For those of you who have seen the film Undertow, you feel my pain. I bought the OMM CD at Lincoln Center Tower Records in probably 2005 (?). It was right when OMM started really releasing a lot of music, but a new Philip Glass score to a film which appeared, according to the cover art and the liner notes to be of a tone to which I'm generally sympathetic. So much so that I bought the film on DVD probably a year after that because I was so intrigued by "what sort of story could this beautiful music be accompanying." I was severely disappointed. Such is the life of the film composer: you are hired to do a job and you make the best of it.
The three first tracks on the soundtrack bring you into this world, which before seeing the movie, I imagined to be a subdued frightful intensely personal story full of off-kilter dread and romance. Again, most of that had to do with me projecting.
The music for Undertow is not a well-rounded masterpiece the way The Hours is. After the initial tracks, it plays out its grittiness, specifically with the extensive use of the didgeridoo which Glass became interested in around 2000 to 2005 (Voices, Naqoyqatsi, Orion), but it is occasionally exposed as having an undersized orchestra and doesn't seem to pull itself together in latter part of the album experience. With that said, the unexpected gem of a find which I'd like to bring attention to is the track "Deel's Song."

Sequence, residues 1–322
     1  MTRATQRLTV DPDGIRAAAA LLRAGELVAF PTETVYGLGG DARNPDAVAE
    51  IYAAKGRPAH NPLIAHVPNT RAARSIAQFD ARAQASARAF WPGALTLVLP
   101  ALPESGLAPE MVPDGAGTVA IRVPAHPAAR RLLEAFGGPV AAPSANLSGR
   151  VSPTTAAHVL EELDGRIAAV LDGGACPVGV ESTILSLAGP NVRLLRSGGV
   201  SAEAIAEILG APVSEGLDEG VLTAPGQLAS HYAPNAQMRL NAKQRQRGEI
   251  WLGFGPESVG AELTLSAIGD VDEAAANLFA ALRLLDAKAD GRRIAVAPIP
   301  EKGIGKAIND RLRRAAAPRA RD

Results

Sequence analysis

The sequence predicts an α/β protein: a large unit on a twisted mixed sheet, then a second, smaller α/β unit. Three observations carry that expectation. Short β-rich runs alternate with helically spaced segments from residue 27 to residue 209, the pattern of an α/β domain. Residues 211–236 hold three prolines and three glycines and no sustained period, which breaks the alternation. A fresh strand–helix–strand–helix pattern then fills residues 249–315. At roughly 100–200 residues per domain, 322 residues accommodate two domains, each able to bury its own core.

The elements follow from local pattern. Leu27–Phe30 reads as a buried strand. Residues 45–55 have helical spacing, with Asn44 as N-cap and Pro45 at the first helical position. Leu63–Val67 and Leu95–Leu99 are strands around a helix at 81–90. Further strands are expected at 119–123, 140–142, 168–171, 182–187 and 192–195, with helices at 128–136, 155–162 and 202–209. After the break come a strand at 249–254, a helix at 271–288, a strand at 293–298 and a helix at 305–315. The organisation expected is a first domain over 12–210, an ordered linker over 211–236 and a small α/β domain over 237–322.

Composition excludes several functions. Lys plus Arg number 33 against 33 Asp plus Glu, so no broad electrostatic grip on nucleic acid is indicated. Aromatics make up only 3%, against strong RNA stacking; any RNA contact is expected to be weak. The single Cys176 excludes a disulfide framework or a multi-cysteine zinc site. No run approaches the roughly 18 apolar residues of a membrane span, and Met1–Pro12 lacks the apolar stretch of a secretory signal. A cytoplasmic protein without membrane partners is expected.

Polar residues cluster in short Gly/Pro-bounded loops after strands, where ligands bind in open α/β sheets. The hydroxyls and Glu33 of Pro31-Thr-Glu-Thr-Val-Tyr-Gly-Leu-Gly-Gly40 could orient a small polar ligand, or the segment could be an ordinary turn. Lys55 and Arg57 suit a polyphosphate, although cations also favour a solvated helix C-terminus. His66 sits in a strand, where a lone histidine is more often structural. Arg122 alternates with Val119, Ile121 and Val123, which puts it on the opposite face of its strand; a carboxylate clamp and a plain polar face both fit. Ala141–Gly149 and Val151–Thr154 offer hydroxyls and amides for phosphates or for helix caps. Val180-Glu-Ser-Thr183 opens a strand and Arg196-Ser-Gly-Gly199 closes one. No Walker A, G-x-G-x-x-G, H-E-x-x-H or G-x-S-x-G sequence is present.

For my part, I cannot remember Philip Glass ever being so "tender." After the Hours Glass embarked on a very intensive period of scoring for larger budget films among which Undertow was something of a minor effort. But when hearing "Deel's Song" I can't help but feel that this was Philip Glass at his film composer zenith. He was composing the inner emotions of the character rather than the outward dramatic action or the viewer's idea of what the viewer was feeling. We the viewers were observing the emotions of the situations through music. When this type of thing is successful, it's film composing at its highest level and I think we find that here.
Deel's Song from Undertow: